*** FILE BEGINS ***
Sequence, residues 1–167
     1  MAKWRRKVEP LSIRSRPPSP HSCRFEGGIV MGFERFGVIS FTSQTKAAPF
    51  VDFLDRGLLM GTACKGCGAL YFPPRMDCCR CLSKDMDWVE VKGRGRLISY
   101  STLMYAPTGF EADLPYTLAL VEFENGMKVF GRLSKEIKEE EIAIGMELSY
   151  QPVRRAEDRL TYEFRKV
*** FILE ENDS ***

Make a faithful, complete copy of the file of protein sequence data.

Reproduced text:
Sequence, residues 1–167
     1  MAKWRRKVEP LSIRSRPPSP HSCRFEGGIV MGFERFGVIS FTSQTKAAPF
    51  VDFLDRGLLM GTACKGCGAL YFPPRMDCCR CLSKDMDWVE VKGRGRLISY
   101  STLMYAPTGF EADLPYTLAL VEFENGMKVF GRLSKEIKEE EIAIGMELSY
   151  QPVRRAEDRL TYEFRKV